V Corps cases colors -- perhaps for last time in Germany
By MARK PATTON | STARS AND STRIPES Published: May 10, 2012
WIESBADEN, Germany — V Corps cased its colors Thursday, likely for the last time in Germany.
In February, defense officials announced that V Corps would be inactivated after its pending yearlong deployment to Afghanistan.
That was just a month after U.S. Army Europe commander Lt. Gen. Mark Hertling said V Corps was “like a Phoenix” rising from the ashes, referring to a decision to maintain the Army’s only permanently forward-deployed corps, which had been slated for inactivation in 2009.
V Corps’ commander, Lt. Gen. James L. Terry, told reporters before Thursday’s ceremony that following the Corps’ deployment, it’s his understanding “V Corps will be inactivated.”
U.S. soldiers assigned to V Corps will deploy to Afghanistan over the next four to six weeks, where they’ll oversee coalition operations nationwide, leading the International Security Assistance Force Joint Command, or IJC.
“During our year, Afghan Security Forces will fully move into the lead and NATO forces will conduct the most challenging logistical retrograde since World War II,” Terry said during the ceremony.
Terry will not only serve as commander of IJC, but also as deputy commander of United States Forces Afghanistan. Terry said 400 to 430 V Corps troops will serve in the 900-soldier coalition command, while the other V Corps soldiers will work in U.S. Forces Afghanistan.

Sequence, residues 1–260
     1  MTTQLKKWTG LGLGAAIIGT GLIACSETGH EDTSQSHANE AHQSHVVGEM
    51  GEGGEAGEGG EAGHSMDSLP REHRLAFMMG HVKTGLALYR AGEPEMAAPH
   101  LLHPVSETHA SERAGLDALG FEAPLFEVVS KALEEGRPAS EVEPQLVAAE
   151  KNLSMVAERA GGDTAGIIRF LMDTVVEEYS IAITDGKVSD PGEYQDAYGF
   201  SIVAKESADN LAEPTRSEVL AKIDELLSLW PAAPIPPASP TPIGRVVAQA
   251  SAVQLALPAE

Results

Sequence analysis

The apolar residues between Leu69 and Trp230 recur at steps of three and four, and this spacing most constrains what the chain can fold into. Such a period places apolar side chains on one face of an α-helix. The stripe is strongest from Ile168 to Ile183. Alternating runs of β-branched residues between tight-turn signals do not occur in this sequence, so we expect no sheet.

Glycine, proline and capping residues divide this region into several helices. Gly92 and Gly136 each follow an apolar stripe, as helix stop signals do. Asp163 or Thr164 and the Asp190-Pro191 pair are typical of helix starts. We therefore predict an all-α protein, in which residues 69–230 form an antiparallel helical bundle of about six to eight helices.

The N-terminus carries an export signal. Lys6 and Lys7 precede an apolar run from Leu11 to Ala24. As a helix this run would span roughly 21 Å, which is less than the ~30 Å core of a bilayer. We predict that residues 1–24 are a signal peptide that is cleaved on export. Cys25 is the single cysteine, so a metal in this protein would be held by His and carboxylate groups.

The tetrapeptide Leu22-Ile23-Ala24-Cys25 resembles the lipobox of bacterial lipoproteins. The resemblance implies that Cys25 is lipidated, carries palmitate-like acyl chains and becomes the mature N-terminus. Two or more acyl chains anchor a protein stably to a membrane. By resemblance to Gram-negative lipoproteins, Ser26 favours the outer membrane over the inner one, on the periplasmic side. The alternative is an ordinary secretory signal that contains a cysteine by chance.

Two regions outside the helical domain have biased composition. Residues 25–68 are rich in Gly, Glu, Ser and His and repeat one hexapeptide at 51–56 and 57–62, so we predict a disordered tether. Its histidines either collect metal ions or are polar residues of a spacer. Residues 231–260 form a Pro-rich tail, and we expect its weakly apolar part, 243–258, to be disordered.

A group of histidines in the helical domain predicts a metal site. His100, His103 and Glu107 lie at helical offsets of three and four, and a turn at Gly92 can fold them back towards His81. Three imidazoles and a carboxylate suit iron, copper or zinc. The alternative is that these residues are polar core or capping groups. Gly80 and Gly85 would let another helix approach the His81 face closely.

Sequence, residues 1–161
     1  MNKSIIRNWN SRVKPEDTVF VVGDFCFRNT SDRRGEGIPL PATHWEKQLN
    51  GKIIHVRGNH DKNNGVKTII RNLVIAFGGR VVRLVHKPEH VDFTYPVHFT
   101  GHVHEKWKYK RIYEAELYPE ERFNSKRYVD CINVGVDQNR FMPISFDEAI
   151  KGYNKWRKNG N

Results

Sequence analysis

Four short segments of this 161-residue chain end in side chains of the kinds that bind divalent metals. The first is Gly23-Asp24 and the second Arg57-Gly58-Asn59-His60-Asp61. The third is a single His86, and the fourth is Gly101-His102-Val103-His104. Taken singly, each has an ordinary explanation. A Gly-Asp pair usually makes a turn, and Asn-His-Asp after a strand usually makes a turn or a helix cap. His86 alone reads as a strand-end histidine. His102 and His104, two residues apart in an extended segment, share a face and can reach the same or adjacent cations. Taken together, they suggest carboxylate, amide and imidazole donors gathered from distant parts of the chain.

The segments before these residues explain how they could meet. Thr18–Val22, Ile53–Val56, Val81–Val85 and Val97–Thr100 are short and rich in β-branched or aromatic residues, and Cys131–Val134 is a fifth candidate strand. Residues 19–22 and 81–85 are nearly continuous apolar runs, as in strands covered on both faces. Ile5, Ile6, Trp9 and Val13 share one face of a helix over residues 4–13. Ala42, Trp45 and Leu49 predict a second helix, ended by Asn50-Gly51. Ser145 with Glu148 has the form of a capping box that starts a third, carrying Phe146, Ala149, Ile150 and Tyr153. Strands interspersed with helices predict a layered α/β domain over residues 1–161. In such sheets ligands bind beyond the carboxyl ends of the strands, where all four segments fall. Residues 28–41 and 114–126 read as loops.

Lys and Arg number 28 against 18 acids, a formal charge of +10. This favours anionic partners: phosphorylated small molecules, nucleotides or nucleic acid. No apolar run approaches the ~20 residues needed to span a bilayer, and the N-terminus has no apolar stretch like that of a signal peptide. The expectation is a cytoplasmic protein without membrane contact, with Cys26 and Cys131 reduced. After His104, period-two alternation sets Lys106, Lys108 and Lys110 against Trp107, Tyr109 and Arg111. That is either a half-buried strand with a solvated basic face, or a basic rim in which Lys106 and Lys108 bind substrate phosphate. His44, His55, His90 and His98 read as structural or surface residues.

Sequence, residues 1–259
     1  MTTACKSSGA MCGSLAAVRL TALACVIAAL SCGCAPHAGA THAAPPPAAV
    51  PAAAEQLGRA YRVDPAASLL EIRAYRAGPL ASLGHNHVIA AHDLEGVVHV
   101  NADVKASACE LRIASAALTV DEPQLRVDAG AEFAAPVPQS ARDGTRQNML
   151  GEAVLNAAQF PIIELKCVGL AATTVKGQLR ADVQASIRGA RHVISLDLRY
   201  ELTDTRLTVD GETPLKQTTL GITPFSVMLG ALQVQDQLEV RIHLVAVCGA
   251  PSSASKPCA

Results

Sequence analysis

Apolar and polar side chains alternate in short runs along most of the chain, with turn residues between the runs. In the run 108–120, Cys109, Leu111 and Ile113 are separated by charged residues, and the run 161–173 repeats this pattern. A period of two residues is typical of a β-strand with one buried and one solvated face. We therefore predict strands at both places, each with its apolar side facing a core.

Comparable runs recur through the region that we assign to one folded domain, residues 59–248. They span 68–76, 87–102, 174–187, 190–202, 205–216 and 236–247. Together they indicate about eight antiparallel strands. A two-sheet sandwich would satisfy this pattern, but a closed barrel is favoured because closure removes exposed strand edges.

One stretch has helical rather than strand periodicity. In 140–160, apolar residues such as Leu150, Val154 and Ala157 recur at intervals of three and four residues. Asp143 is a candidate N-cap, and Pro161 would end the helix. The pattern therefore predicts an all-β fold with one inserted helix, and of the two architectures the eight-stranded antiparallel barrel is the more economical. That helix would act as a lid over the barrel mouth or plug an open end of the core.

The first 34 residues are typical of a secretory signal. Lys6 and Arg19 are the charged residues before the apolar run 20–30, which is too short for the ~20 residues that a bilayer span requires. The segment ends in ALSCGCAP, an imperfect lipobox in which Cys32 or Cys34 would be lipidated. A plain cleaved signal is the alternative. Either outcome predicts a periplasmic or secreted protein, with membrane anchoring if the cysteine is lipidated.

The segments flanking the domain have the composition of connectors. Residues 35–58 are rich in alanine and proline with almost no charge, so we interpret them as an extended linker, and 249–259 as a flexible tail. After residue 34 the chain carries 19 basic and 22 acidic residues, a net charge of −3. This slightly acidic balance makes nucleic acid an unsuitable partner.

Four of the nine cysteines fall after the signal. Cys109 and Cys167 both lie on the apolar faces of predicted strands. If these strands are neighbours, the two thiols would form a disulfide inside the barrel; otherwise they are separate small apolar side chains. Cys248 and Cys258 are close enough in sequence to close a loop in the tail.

Currently, about 750 soldiers and 1,250 family members constitute the Wiesbaden-based V Corps. Although the colors most likely won’t return to German soil, V Corps troops will return to Wiesbaden to out-process, reintegrate, reunite with family and take block leave before heading to their next assignments.
Formed in 1918, V Corps was nicknamed “Victory Corps” for its rapid advance in the Meuse-Argonne Offensive during World War I. In early 1942, Victory Corps troops deployed to Ireland after the U.S. declared war on Germany, the first American soldiers deployed to Europe in World War II, according to the V Corps website. In 1944, V Corps was at Normandy and later fought in the Battle of the Bulge.
V Corps has maintained its presence in Germany since 1951, where it defended the Fulda Gap during the Cold War. V Corps elements also served around the world, in places such as Bosnia-Herzegovina, Kosovo, Kuwait and Iraq.
“The next chapter of Victory Corps’ history remains unwritten, but its authors are in this formation,” Terry told his troops at Thursday’s ceremony.
Terry noted that V Corps has faced inactivation before. Following World War II, Victory Corps returned to Fort Bragg, N.C., where it was inactivated for a period before V Corps’ return in 1951.
“Whenever the nation calls, and it’s gonna call again sometime down the road, V Corps’ colors will come out and wave proudly again,” Terry said.